Butterfly Longitudinal Research “Top 10” Findings*

This year is going to be a busy year for our Butterfly Longitudinal Research Project with four new publications in progress. To start we have taken our past papers and selected our “top ten” findings so far.

 

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1.    The deep trust the participants have built towards the research team has led to more and more rich and authentic interviews over the years.

 

“…the team believe retention is largely due to participants trusting that their identities will be kept confidential, their stories matter, and they are valued as individuals.”
Miles, Heang, Lim, Nhanh, Sreang.
Butterfly Methodology Change: A Reflection Paper,
“Longitudinal research design and methodology”,
2014. p4. 
“During regular interviews, the BLR team conducts individualized and confidential meeting, with active and attentive listening as the primary goal. The research team strives to provide a safe space, in which the boy’s thoughts and emotions can be validated as real and important. This kind of space seems to be starkly contrasted to the kind of environment that many of the male cohort live in from day-to-day. For a number of respondents, their interviews seem to be a much-needed space where they are able to express pent-up emotions—something that seems to be especially true as time progresses through the re/integration process [and beyond].”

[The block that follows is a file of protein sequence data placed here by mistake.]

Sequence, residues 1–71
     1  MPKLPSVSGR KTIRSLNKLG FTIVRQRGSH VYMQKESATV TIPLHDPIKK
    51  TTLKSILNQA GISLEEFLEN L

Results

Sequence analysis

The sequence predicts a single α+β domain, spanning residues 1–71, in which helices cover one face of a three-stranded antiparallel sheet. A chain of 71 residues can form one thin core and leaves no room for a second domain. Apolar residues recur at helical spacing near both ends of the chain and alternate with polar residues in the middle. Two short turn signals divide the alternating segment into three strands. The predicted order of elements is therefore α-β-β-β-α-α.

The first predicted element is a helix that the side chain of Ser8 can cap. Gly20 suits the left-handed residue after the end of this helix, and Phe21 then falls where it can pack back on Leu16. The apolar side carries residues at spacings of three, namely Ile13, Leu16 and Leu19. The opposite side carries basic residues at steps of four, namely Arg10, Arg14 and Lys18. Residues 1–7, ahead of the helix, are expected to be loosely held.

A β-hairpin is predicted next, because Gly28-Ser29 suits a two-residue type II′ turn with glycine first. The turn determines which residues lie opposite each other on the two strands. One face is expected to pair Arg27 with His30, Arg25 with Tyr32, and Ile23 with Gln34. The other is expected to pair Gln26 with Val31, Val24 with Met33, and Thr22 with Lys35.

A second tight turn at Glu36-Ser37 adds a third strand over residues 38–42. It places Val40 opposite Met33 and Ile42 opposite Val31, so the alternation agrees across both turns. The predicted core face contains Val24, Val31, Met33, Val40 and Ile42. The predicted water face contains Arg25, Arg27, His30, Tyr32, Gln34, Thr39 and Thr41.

Davis, Havey, Lim, Nhanh, Sreang.
The Forgotten Cohort, 2016. p25.
 “There are many children who like this [participating in the BLR interviews] besides even me, personally I like it very much because we have a lot of chances to say/share what we never tell others. But when I meet with you, I can tell you and you not only listen to me, but you also bring my idea to practice. That is what I think and I am really thankful for this.”
(Dary, female, 2016)
Cordisco-Tsai, Lim, Nahn.
Experiences in Shelter Care,
“Recommendation #1: Listen to clients and be receptive to their input. Ask for their ideas and Act on them”. 2018.

 

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2.    The shelters for the male participants ended up being highly emotionally and physically violent for a number of reasons, including: bullying, xenophobia, and elitism. One respondent gave a recommendation that boys in the shelters need to be separated along age and maturity lines, because the physical, mental, and sexual maturation is severely different between 12—and—16 years-old males.

Davis, Havey, Lim, Nhanh, Sreang.
The Forgotten Cohort. 2016.